The catchy Push Play campaign of the 2000s is back, with Sport New Zealand relaunching the mass media initiative to get Kiwis more moving.
“For a lot of people it will bring back some great memories of people from days gone by and the messages and the melody,” said Sport New Zealand chief executive Raelene Castle. get active.
This time there is no daily goal of 30 minutes to get active. Instead, New Zealanders are supposed to play their way to exercise.
New research from Sport New Zealand showed that barriers for Kiwis to participate in physical activity are increasing in 2021, including a lack of motivation, feeling too unfit to participate more, losing exercise habits and feeling too tired.
While average adult activity levels per week returned to pre-pandemic levels, some groups, including youth and Pasifika, did not recover in 2021.
Youth activity levels decreased by 3.2% from those in 2019.
The research shows that for the age group from 5 to 18 years, participation in sports competitions and tournaments for all ethnicities has decreased in 2021.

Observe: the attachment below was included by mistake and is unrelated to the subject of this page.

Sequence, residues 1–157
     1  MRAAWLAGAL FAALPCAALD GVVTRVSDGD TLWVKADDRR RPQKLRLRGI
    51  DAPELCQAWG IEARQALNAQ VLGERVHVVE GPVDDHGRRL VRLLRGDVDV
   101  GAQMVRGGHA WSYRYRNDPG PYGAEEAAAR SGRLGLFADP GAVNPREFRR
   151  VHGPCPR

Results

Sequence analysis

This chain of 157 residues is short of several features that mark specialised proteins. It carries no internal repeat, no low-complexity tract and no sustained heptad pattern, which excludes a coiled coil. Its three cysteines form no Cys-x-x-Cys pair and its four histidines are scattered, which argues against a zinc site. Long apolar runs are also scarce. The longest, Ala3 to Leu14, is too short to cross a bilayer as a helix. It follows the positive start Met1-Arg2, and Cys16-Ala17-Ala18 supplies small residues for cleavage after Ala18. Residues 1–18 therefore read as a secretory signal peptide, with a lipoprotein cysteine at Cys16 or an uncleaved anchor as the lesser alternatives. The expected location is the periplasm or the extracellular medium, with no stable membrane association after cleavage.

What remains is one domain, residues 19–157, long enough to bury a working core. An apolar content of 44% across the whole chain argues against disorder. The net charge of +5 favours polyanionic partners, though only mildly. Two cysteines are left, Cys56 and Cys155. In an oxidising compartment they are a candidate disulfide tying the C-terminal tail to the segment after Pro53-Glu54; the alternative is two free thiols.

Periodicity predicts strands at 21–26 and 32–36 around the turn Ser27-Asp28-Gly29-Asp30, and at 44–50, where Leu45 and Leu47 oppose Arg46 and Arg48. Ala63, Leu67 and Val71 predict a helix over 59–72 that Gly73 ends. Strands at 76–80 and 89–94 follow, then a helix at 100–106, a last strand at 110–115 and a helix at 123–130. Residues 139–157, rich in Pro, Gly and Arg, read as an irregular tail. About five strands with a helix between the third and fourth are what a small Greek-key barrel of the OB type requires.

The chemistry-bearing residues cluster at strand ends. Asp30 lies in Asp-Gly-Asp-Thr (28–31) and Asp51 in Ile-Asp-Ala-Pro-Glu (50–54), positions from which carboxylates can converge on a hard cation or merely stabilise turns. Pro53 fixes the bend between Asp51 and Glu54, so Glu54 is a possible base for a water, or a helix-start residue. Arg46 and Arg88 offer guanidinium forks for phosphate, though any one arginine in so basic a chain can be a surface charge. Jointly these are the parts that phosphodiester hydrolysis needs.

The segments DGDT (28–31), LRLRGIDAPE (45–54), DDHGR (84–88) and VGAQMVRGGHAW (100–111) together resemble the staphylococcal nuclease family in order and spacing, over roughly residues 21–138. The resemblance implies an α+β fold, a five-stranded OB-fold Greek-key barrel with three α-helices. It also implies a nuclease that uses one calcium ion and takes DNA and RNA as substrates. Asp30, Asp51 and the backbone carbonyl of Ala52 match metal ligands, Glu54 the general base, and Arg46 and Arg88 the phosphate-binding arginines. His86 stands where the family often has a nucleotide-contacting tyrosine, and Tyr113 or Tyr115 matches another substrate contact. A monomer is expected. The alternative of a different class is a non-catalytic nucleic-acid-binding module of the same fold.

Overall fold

“The decline in organized sports and activities has increased inequality in the system for Māori and Pacific ethnic groups and for young people living in deprived areas,” the study said.
The most significant declines between 2019 and 2021 participation in tournaments and competitions were seen in Māori and Pasifika men, with 38% and 46% less participation, respectively.
In the latest Push Play ad, kids are seen encouraging their family members to get active.
The first campaign ran from 1999 to 2008 with a series of media ads.
A 2003 review published in the New Zealand Medical Journal found that between 1999 and 2002, the number of adults planning to exercise increased from 1.8% to 9.4%.
But no ongoing changes in physical activity levels were reported in surveys during this time.
The study summary reports that a separate, larger survey of the New Zealand population recorded a 3% increase in adult physical activity participation between 1997 and 2001.
The 2022 Push Play campaign cost $1.67 million and was funded from the $265 million Covid-19 recovery fund for sports and recreation allocated in the government’s 2020 budget.